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  • Botswana: State official under scrutiny over gravel business and under-serviced loans

    Public administration minster Eric Molale is quarrying gravel seemingly without permission from the state development agency he owes P4-million.

    Public administration minster Eric Molale is quarrying gravel seemingly without permission from the state development agency he owes P4-million.

The INK Centre for Investigative Journalism has established that Botswana’s minister of presidential affairs and public administration, Eric Molale, did not seek permission for his quarrying business from the parastatal Citizen Entrepreneurial Development Agency (Ceda), from which he has received five loans valued at about four million pula (R5.3-million).

Ceda’s standard loan conditions require written consent for additional work on its financed projects.

A loan appraisal report seen by INK and the Business Weekly and Review suggests that Molale is already struggling to service his Ceda loans.

He is understood to be a close friend of Ceda’s CEO Thabo Thamane.

The minister owns a 400ha farm at Mosisedi, one of the biggest commercial farming operations in the Barolong district in south-eastern Botswana.

He currently supplies gravel to a Spanish-Indian firm, Elsamex Intl JV, that won a P1-billion World Bank-funded contract to refurbish a 160km road that connects five villages in the Barolong area.

A source close to the project said Molale, the former permanent secretary to President Ian Khama, was awarded the gravel sub-contract in 2014.

The initial contract award raised eyebrows in the Ngwaketse council and the construction sector, as Elsamex had no local partner as per accepted practice.

Elsamex later gave sub-contracts to a number of local businesses, including Molale’s quarrying operation, Steel Base Botswana and Tau Grading.

Elsamex is a joint venture between Spanish construction firm Elsamex SA and IF&LS Transportation Network Limited from Mumbai.

Molale has a vested interest in the project, as the road that is being rehabilitated will also improve his and other farmers’ access to markets. In the 2015/16 ploughing season he cultivated 385ha of yellow maize and 15ha of beans, according to documents seen by INK.

Asked whether Molale had informed Ceda before launching the quarrying project at his farm, Anno Tshipa, Ceda’s head of marketing and communications, said that the agency “has not funded any borrow pit business in Mosisedi”.

“It has not come to Ceda’s knowledge that one of its clients is running a commercial business in a form of a borrow pit at Mosisedi,” Tshipa said.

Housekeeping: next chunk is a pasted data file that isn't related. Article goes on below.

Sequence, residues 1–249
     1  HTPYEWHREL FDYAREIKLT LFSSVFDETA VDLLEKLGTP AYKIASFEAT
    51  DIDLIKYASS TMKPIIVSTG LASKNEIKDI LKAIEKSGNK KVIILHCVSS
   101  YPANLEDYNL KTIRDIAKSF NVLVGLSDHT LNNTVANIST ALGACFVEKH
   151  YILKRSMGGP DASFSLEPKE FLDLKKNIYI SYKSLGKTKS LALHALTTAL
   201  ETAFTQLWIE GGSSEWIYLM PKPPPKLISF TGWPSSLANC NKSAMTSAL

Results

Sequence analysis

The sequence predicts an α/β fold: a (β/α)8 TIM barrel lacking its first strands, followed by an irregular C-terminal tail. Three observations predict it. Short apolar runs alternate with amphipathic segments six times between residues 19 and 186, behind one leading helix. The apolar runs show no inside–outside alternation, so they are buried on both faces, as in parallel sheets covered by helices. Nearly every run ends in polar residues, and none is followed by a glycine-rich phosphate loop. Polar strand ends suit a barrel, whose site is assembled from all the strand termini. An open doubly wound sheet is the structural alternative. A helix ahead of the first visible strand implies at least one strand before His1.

INK reporters witnessed quarrying during a visit to the farm in June 2017. They also spoke to workers who confirmed that Molale owned the quarry.

The land board failed to offer an explanation when asked follow-up questions this week.

Despite receiving media questions more than a month ago, the minister dismissed the INK reporter as “gullible” and declined to comment.

He ignored a dozen follow-up calls and at least four text messages asking him to respond.

Asked whether it was aware of the quarrying operation on Molale’s farm, the Ngwaketse Land board said changes in land use were not its responsibility and told INK to approach the land administration authorities.

Gravel quarrying falls under the Mines and Minerals Act. The Act is administered by the department of mines, which issues mining licences and mineral permits, such as for quarrying, to citizens.

The department said that since 2013, it has issued 126 mineral permits and 32 mining licences, and that it expects all would-be operators to follow procedures before rights are granted.

It did not reply to a question as to whether Molale has applied for, and been granted, the right to quarry.

Acting deputy director of mines Rahul Deo Bohra declined to clarify whether Molale had lodged an application, and the department ignored follow-up questions on the issue.

The INK Centre and Business Weekly and Review have previously reported that in 2016 Ceda approved a P600,000 loan to Molale for commercial dry land farming at Mosisedi.

This is despite indications in the loan assessment report that the project is not profitable and that the minister has a poor payment record.

The World Bank-funded road project is expected to end in 2024 and connect the villages of Rakhuna, Tlhareseleele, Pitshane, Phitshane Molopo and Mabule.

Independent engineers in 2016 accused the joint venture of constructing poor quality roads and bridges, following the collapse of two bridges during the festive season after the company removed erosion protectors.

Government cleared the company of all responsibility.


This article was produced by the INK Centre for Investigative Journalism in Botswana in association with the amaBhungane Centre for Investigative Journalism.


The amaBhungane Centre for Investigative Journalism provided this story. Like it? Be an amaB supporter and help us do more. Know more? Send us
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